"Even the simplest things you would take for granted that a record company would do, they didn't do," she adds, recalling 'Til Tuesday's last record, "Everything's Different Now," which came out three years ago. "Nobody heard it. . . . They didn't even send it out to radio stations and to people who would do something with it. I could have done a better job out of my own home with some stamps."
Mann then tried to leave the label. "They weren't interested in me, but they wouldn't let go, either; it was obnoxious," she says. Mann eventually found herself with no label before newcomer Imago Records picked her up and the rest, hopefully, is one of the comeback stories of the year.
What's remarkable is that Mann came back with as strong a record as "Whatever," which belies its ho-hum title with inspired melodies, survivalist lyrics and progressive pop-rock arrangements.
"The positive part of the weird limbo I was in, was that musically, nobody was trying to steer me in a commercial way," she says. "So you could concentrate on making music that amuses you. You don't have to worry about the finished product. You don't even worry about it being a product. So you end up making the kind of record that you're going to listen to yourself."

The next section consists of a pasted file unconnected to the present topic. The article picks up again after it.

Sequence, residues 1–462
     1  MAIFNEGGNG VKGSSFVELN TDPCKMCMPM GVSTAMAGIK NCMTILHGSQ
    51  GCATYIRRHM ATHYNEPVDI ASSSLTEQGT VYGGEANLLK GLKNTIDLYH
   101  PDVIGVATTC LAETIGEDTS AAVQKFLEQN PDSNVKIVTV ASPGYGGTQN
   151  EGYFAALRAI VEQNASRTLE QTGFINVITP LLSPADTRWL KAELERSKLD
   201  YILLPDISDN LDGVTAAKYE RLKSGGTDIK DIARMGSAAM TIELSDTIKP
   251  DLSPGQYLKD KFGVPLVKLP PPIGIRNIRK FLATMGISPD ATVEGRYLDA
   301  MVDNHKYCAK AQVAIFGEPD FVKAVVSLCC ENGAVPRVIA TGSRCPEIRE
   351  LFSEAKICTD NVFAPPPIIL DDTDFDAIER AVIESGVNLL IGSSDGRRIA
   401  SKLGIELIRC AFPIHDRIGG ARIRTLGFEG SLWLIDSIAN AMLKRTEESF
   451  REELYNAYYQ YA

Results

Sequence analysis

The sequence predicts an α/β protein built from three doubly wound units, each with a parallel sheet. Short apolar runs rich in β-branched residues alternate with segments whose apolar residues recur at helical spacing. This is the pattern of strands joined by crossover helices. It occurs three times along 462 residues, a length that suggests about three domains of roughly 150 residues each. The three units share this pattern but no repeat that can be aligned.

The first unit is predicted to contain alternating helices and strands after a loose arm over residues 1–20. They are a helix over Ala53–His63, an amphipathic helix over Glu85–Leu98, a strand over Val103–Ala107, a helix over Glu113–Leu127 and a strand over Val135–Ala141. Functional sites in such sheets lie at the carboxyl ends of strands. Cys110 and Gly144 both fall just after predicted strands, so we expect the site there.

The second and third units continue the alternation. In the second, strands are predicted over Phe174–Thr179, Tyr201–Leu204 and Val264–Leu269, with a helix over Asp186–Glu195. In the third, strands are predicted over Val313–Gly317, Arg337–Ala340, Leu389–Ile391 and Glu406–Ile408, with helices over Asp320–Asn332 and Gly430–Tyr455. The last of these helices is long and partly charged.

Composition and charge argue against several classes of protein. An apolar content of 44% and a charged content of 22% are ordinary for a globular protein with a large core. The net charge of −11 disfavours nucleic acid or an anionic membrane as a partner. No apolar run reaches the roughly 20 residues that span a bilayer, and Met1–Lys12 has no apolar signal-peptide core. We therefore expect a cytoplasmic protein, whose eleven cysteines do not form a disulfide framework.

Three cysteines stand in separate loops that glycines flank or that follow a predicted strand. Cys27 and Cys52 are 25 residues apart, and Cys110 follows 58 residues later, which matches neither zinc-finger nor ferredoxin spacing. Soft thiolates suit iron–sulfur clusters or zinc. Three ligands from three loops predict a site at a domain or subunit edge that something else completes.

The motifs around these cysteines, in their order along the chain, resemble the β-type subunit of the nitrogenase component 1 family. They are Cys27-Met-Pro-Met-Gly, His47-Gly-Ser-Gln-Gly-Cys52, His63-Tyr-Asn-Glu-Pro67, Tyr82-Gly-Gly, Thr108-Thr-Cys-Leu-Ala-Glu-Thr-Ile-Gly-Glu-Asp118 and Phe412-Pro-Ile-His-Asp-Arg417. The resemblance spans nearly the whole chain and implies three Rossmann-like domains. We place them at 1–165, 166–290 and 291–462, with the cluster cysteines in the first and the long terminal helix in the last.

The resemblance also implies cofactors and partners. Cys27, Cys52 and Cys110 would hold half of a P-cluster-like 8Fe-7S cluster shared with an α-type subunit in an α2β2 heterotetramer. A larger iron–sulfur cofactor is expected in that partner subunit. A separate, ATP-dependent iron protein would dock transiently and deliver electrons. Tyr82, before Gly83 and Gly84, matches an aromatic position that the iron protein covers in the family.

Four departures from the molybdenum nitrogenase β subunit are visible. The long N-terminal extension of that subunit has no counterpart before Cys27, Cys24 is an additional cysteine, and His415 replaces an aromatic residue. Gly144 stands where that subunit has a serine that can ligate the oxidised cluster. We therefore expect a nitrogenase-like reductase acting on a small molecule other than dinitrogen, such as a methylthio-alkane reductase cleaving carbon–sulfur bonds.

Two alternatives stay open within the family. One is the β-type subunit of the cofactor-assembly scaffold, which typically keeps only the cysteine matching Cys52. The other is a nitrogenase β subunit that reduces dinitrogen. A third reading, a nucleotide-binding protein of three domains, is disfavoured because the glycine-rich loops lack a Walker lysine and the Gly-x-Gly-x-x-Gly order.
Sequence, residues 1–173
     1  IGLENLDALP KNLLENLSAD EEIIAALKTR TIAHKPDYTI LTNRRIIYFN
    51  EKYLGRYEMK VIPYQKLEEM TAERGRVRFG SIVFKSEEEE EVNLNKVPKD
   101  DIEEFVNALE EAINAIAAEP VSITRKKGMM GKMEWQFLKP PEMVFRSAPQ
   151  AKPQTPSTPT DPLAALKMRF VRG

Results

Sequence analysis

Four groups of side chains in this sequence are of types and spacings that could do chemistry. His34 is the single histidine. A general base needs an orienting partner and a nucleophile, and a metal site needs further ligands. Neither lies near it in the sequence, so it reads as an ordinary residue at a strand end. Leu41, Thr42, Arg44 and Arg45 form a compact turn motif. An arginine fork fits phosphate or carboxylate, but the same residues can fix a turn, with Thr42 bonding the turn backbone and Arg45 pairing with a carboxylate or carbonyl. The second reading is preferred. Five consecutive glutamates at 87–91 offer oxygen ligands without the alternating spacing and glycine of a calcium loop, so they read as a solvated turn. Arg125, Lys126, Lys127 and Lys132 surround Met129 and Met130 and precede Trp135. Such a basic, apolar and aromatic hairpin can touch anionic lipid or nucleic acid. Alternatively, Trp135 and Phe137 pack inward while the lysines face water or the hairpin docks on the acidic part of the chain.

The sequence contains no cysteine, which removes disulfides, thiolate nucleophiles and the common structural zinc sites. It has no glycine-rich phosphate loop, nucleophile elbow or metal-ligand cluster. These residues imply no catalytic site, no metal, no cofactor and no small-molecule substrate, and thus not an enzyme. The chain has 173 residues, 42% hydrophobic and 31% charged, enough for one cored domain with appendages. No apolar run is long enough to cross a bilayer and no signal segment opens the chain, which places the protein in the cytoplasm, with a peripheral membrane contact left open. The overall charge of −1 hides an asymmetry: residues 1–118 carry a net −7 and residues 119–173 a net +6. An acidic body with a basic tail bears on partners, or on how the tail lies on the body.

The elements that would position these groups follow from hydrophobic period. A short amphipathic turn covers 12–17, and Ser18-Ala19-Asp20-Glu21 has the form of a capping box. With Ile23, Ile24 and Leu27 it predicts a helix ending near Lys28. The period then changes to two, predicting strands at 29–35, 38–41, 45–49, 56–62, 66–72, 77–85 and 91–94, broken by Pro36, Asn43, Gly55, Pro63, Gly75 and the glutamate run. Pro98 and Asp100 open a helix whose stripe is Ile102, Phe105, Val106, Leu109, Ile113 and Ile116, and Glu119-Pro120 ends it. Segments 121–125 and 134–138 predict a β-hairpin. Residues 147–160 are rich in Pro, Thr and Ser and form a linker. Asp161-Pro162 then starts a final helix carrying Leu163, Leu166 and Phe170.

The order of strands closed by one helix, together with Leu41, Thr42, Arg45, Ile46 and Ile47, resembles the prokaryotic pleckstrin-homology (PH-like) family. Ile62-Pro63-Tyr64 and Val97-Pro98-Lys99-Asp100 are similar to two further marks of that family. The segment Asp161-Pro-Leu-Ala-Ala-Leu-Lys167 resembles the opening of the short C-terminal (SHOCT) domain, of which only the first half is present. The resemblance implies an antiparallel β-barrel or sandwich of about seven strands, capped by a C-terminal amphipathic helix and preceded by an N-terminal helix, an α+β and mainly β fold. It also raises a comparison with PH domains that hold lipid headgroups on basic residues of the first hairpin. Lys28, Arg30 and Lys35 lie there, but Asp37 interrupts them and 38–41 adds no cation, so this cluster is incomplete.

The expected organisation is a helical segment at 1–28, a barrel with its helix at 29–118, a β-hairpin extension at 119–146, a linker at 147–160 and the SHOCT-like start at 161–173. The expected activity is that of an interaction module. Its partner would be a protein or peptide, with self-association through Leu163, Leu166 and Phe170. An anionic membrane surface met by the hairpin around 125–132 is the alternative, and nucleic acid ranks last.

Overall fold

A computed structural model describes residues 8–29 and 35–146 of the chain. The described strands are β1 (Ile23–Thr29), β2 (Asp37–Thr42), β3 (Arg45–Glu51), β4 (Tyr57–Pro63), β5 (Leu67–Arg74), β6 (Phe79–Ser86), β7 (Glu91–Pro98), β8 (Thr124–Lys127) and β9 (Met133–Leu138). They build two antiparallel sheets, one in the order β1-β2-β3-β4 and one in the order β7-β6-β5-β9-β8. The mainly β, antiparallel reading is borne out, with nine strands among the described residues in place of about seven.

Mann, who won this year's Boston Music Award for best female rock singer, even though her new record wasn't released, also lucked out by teaming with local, rising-star producer, Jon Brion. She met him through Mike Dinneen of the local Q Division Studios; and the musical chemistry was obvious.
"Jon is one of those guys who listens to music religiously," she says. "He puts a chair right in front of the speakers and concentrates for hours and hours at a time. Jon started playing a lot of old stuff that was really amazing, like the Kinks, Zombies and George Harrison. It was very melodic, and that influenced the record."
Brion has no prior hot-shot reputation, but he and Mann became kindred souls in making music that unites different elements, much as the Beatles did. Thus, a toy piano and marimba might playfully offset a serious melody line. The song, "Mr. Harris," even has a baroque quality reminiscent of the Beatles.